Malcolm Gladwell Book Review
Malcolm Gladwell is a Canadian journalist, author, and public speaker. Many consider him a master storyteller who is adept at turning complex business concepts and behavioral science theories into easily digestible anecdotes and lessons.
The author of five New York Times Bestsellers, his sixth and latest is bound for the same level of success. He has been a staff writer at The New Yorker since 1996, and often writes in the areas of sociology, psychology, and social psychology. His latest, Talking to Strangers: What We Should Know about the People We Don’t Know, just came out last month and is already receiving praise and plenty of critiques.
The book is built around the premise of what Gladwell calls the “default to truth” or the truth-default theory that originated with a professor at the University of Alabama. As human beings, by our very nature, we are trusting—and sometimes, too much so. We trust other humans, we trust technology, we trust that our cars will not malfunction on the way to work and make us late for the second time that week. We suppress our negative thoughts of the worst-case scenario, because if we didn’t, frankly, we’d never leave the house.
Talking to Strangers uses recent headlines and stories from history books to talk about common communication breakdowns in society. Gladwell argues that because of the truth-default theory, we take everything people say to us at face value. Miscommunication and trusting the wrong people can lead to tragic consequences. By examining circumstances of police brutality, Gladwell argues that we don’t know how to properly communicate with strangers. In many cases, we don’t even communicate. He states that communicating with strangers requires both humility and thoughtfulness, as well as the looking beyond the stranger to the time, place, and context of the interaction. If we can learn how to properly talk to strangers, we may just avoid a lot of conflict and misunderstanding.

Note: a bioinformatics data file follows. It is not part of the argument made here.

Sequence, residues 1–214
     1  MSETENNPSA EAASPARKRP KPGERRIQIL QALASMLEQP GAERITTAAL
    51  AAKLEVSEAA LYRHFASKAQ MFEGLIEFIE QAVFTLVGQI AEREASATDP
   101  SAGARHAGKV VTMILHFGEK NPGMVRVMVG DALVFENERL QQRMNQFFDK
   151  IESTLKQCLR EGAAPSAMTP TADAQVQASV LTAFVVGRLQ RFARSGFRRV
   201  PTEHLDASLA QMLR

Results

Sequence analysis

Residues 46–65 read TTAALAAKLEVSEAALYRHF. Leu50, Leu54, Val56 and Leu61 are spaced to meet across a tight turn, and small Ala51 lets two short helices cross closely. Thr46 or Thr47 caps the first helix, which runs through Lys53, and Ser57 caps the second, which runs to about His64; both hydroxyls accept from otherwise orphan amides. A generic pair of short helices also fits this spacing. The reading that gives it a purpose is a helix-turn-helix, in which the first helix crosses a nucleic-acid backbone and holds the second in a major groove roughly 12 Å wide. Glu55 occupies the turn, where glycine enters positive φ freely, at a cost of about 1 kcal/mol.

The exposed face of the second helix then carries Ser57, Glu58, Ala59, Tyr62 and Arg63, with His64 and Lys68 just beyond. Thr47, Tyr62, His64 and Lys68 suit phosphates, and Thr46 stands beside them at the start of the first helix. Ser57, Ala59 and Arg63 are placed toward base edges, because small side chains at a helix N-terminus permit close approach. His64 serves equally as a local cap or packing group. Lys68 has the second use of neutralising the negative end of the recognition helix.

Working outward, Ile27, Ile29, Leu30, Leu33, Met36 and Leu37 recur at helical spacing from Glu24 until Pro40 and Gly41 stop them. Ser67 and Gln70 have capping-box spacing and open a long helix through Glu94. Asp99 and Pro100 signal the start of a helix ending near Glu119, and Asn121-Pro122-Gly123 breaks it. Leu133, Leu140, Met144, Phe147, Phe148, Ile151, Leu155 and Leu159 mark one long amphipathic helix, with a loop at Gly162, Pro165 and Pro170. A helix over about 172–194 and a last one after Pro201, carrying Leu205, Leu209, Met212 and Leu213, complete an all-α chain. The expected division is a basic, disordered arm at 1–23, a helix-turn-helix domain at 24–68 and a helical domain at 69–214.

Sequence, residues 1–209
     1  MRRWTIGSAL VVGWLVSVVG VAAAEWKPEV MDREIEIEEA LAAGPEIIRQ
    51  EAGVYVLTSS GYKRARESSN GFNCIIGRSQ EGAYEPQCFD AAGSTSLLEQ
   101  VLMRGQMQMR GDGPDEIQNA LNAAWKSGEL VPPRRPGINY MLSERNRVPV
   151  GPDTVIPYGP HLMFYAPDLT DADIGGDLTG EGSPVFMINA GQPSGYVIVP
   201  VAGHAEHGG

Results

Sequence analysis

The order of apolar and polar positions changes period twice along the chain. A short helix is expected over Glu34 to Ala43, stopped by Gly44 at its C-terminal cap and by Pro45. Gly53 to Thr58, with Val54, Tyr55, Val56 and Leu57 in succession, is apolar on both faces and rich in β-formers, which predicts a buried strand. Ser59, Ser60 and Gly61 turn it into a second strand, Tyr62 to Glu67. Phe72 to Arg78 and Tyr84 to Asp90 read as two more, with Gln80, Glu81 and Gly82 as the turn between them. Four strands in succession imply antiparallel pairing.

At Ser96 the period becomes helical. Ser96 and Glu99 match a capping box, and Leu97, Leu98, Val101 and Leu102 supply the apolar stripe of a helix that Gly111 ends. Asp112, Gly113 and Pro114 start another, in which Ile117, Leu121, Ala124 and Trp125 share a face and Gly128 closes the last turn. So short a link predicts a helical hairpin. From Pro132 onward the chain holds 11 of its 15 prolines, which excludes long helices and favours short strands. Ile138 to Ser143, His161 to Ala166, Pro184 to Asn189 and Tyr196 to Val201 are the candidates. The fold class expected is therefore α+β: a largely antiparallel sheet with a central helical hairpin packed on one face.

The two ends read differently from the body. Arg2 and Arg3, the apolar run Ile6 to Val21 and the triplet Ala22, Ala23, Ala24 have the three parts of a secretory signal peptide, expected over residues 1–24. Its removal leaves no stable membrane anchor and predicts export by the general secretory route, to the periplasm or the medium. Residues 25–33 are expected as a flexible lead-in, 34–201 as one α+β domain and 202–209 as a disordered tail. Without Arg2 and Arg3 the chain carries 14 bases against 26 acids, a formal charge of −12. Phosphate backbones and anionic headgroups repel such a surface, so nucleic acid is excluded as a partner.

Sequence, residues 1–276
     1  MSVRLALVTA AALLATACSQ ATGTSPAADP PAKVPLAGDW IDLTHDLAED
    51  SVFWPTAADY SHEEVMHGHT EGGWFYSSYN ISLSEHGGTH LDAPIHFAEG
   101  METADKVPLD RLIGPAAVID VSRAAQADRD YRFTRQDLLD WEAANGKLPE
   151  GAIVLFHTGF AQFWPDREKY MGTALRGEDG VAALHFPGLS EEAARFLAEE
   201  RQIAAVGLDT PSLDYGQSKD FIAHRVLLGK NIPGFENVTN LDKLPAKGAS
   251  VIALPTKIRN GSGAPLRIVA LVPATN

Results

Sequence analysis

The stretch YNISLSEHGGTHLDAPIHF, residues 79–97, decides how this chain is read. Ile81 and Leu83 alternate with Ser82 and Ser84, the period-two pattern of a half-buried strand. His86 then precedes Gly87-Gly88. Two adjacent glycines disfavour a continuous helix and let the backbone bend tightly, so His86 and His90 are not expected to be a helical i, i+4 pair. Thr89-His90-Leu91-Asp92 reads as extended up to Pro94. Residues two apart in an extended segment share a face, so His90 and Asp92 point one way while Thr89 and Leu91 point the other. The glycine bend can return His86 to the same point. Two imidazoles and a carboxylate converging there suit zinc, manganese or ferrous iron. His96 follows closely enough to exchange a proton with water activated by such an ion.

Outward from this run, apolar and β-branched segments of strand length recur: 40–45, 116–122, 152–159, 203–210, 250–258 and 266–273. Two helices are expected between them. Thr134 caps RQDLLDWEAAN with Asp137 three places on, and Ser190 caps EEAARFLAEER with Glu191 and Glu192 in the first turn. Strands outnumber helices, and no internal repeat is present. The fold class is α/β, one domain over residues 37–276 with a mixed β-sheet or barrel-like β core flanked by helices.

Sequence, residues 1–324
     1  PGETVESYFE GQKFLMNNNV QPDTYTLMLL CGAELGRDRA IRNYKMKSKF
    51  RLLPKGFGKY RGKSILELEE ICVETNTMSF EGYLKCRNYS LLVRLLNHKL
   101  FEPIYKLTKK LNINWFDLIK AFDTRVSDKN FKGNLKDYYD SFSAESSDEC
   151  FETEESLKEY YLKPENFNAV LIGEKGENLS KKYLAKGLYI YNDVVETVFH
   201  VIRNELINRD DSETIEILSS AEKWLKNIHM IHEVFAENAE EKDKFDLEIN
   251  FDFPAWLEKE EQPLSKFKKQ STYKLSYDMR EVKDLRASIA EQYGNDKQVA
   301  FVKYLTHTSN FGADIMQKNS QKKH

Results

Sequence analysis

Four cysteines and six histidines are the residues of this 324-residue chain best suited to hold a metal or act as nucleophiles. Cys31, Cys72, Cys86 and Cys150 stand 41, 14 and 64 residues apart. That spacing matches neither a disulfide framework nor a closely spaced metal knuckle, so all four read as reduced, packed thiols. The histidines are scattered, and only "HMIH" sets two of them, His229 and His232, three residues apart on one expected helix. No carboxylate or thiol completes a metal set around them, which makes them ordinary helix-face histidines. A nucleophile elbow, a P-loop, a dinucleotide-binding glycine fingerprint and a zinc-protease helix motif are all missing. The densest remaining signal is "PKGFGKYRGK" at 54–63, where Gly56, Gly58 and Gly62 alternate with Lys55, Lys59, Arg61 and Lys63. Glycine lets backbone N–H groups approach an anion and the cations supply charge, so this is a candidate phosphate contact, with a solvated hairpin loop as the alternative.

The book has been popular thus far and read by millions, but it’s also received a lot of attention from critics. It is darker than his other books—much darker. However, it might teach us valuable lessons about how to communicate with others.